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Case Study: Stoichiometry Study, Fall 2005

Published January 4, 2006

Launch the stoichiometry tutor

In this innovative study, Carnegie Mellon University researchers Bruce McLaren, Dave Yaron, and Kenneth Koedinger utilized CTAT Flash tutors to investigate whether learning could be improved by personalized, informal language and worked examples in intelligent tutoring. For the first time, CTAT was used in a large-scale, web-based Pittsburgh Science of Learning Center (PSLC) study. The study, conducted at the University of British Columbia, tested and expanded the capabilities of the Cognitive Tutor Authoring Tools. As a result, many new features were added to CTAT and made publicly available.

The researchers employed a CTAT-developed delivery infrastructure titled TutorShop and a PSLC enabling technology known as PSLC DataShop to deliver chemistry tutors to the web and log student data, respectively. In this customized environment, CTAT made the following possible:

For stoichiometry, a sub-domain of chemistry that addresses the calculation of relationships between reactants and products in chemical reactions, the researchers required an interface that supported algebraic calculations. The Cognitive Tutor Authoring Tools were ideal for this task, providing enhanced problem solving through standard widgets, such as pull-down menus and text boxes. The researchers also needed technology that would work across a range of browsers and computers, since all of the subjects would be participating outside the lab setting. This is where the Flash tutors were especially desirable. According to NPD Research, Macromedia Flash already reaches 97.3% of Internet-connected PCs. For Flash tutors, the requirements are no more than the ubiquitous Flash player itself.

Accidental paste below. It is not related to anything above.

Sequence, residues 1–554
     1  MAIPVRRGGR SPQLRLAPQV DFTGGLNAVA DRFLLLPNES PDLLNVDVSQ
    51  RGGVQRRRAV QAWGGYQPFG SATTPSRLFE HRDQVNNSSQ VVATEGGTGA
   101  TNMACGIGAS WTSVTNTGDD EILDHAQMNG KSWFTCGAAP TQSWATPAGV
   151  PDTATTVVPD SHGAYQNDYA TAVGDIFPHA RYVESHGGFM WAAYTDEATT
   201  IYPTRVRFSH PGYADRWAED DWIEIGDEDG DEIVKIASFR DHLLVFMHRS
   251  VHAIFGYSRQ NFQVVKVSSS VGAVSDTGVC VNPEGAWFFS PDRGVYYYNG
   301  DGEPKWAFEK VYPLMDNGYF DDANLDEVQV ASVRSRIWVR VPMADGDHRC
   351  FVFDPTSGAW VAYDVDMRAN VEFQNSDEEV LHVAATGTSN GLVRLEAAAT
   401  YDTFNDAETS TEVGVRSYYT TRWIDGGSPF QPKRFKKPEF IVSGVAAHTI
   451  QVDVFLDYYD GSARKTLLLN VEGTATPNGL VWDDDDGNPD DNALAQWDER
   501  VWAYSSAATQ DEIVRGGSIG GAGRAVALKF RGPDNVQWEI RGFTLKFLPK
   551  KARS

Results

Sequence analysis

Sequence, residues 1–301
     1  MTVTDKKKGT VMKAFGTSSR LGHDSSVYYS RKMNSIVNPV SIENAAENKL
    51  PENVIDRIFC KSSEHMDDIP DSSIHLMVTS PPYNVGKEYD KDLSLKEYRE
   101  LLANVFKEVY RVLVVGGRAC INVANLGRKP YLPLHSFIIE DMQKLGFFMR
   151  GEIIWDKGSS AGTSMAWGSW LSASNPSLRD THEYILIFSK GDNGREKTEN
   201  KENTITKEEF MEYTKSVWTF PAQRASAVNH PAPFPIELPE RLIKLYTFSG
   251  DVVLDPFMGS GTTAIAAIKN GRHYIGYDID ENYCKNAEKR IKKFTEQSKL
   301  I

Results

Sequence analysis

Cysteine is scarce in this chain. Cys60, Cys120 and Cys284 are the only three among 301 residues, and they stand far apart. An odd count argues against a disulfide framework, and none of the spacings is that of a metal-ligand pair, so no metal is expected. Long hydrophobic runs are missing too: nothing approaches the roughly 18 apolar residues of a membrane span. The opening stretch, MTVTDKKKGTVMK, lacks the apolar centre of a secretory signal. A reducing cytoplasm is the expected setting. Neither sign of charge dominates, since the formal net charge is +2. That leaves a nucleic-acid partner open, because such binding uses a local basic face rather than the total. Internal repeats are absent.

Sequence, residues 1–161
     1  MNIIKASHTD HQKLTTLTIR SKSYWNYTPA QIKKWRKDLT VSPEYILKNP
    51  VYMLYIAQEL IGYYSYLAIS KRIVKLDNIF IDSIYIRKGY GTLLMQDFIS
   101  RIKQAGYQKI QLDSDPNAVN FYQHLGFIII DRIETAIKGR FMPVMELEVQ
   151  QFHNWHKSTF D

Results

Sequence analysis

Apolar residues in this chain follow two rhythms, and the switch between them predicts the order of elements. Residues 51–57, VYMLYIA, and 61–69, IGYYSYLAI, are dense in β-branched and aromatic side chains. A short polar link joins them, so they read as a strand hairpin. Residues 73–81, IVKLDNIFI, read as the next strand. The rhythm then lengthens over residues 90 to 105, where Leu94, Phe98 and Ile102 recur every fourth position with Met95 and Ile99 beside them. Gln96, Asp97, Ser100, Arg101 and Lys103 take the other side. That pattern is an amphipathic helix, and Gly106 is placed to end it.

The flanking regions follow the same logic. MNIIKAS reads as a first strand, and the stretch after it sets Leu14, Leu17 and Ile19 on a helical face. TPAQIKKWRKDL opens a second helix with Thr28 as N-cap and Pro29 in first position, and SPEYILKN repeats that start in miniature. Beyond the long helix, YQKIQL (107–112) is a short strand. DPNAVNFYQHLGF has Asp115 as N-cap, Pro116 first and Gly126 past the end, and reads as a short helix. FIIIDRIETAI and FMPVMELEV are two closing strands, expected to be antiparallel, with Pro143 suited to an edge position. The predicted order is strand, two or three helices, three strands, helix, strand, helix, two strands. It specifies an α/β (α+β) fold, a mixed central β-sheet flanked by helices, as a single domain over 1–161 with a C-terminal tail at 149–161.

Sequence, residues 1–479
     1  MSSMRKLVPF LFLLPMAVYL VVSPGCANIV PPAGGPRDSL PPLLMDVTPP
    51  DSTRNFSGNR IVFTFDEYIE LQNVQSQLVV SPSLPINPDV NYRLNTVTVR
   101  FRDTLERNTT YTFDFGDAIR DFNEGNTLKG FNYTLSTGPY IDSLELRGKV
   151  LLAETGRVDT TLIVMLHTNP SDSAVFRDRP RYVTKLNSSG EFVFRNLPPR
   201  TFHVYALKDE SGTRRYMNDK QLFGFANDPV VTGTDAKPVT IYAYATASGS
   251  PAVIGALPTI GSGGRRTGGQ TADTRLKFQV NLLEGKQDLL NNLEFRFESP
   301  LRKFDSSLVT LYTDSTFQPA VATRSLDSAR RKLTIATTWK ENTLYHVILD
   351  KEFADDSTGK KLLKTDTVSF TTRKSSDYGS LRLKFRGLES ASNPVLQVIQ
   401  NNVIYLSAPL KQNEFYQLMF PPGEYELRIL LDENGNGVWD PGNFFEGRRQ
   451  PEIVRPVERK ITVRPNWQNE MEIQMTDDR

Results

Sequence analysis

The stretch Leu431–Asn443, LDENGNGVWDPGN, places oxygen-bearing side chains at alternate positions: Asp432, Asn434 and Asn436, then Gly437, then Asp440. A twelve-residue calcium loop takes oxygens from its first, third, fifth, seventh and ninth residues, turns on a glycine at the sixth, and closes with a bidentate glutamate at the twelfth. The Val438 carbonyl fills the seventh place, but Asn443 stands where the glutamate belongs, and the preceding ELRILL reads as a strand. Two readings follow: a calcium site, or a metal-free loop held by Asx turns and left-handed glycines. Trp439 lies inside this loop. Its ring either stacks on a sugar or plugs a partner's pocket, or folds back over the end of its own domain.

Long-distance logging of student interactions with the tutor was also essential. This was accomplished via PSLC's DataShop, a data repository and framework for collecting research results. DataShop also provided the researchers with easy to use analysis and visualization tools, and easy exporting to common data formats for use in programs like SPSS.

The results of the stoichiometry studies are presented in the following papers:

To learn more about the Stoichiometry Tutor and its use in studies go to the following page:

For more information on the PSLC DataShop, visit